In the wake of the November 2021 attacks on eight Asian American youths by four Black youths on a SEPTA train, we, the undersigned, urge the Philadelphia community and our leaders to challenge the longstanding inadequacies of the traditional juvenile justice system and seize this opportunity to integrate transformative justice for a comprehensive resolution and healing for our communities.
We are long-time Asian American, immigrant, refugee and community leaders, parents, organizers, artists, healers, and activists in this city speaking together on this day, the 12-year anniversary of the events in December 2009 when more than 25 Asian students were assaulted at South Philadelphia High School.
As leaders who have been shaped by the violence of that time, our hearts go out to the Asian American youths who were harmed by racially motivated intimidation and violence on SEPTA. We recognize that they suffered real physical, mental, and emotional trauma, and that this harm is felt broadly across many in our communities, and is compounded by the escalation of recent anti-Asian attacks in our city and nationwide. Since March 2021, we have witnessed an average of one beating, murder, or death threat per month targeting our Philadelphia Asian communities. Too often, when Asian Americans in Philadelphia face racial intimidation, violence, and harassment, we are not heard or taken seriously – until something terrible happens.
The historical invisibilization and misunderstanding of our community’s pain had led some to urgently call for “swift justice.” But we are concerned that urgency has meant calling for punishment and increased policing, which puts more people of color, especially Black communities, in harm’s way. We are concerned that overt media hype and reactionary rhetoric and mobilization leave little room to actually center our young people and ask: What does justice look like for them?
While much attention has been put on the interpersonal nature of this latest incident, it’s important to shine a light on the systemic roots of this harm. This is the direct result of decades of divestment from our city’s public schools, leading to conditions where our youths are pitted against one another and school administrations are unequipped to support them. This leads to the normalization of violence between students of color and the failure of our city’s institutions to center transformative justice and healing the aftermath, perpetuating the cycle of violence. Our SEPTA drivers are frontline workers transporting us during the continuing pandemic and also must not be targeted for these broader systemic failures.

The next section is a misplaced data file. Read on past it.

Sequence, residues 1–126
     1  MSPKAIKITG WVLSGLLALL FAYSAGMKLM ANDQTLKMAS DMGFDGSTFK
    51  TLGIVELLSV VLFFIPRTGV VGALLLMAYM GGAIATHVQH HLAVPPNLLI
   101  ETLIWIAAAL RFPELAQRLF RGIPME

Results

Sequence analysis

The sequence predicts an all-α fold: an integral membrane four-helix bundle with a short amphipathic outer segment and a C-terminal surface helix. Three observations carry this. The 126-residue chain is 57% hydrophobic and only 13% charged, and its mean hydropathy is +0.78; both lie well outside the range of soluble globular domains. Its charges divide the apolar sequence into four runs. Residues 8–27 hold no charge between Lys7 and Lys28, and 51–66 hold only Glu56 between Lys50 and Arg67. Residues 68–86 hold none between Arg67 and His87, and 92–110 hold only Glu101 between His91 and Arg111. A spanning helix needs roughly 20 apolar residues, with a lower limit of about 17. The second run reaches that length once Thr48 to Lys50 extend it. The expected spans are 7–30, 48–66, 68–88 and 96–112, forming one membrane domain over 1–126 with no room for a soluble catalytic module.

After the collective decades of work in our communities, we continue to ask: What does repair look like in this instance of harm that doesn’t create further violence? What does healing look like for the victims? What should accountability look like for the youths who caused the harm? What are the larger systems and leaders who are failing our communities who must also be held accountable? If systemic failures have led to this incident, what does collective responsibility for collective transformation look like? How do we simultaneously break this cycle of violence, heal harm, and address the structural issues that lead to anti-Asian hate? Today, we together declare that first, we listen to our young people. At this time, we call for:
1) Centering the healing of the harmed youths and accountability for responsible youths that is healing and transformative, NOT punitive, retributive, or involving the traditional juvenile justice system;
2) Centering the voices and demands of our young people. Too often we have moved at a reactionary pace, disregarding what our impacted youth have said what safety, healing, and justice truly means for them. We must listen to the demands that our youth leaders have made for years, and we must listen to what demands they will make from here on.
Our organizations together commit to:
- Centering and supporting the voices of our youth;
- Growing our understanding of processes for restorative justice and organizing for our City and School District to implement restorative practices in the event of all instances of harm to youth caused by other youth;
- Working towards growing our diverse Asian American communities; knowledge and desire for transformative justice and organizing hand-in-hand with other communities of color and other marginalized communities in Philadelphia to win structural changes that reimagine community safety in our neighborhoods and city’s institutions;
- Joining with aligned Black organizations and communities to resist the harmful, reductive narrative of inherent conflict between Black and Asian American communities and to put forward an alternative story and vision of shared history, values, and solidarity.
Twelve (12) years later and after many hard-won lessons, we know that increased policing and punitive measures will not break this cycle of violence and is not part of the vision for true safety that our communities continuously seek. True safety will happen when our schools and communities have the resources, restorative practices, healing, and hope needed to prevent these incidents from happening in the first place.
- Asian Americans United
- Asian Arts Initiative
- Asian Pacific Islander Political Alliance
- Cambodian American Girls Empowering
- Cambodian Association of Greater Philadelphia
- Gapura Philly
- hotpot! Philly
- Modero & Company (Indonesian community)
- Philadelphia Cambodian American Business Community
- Philly Solidarity
- Woori Center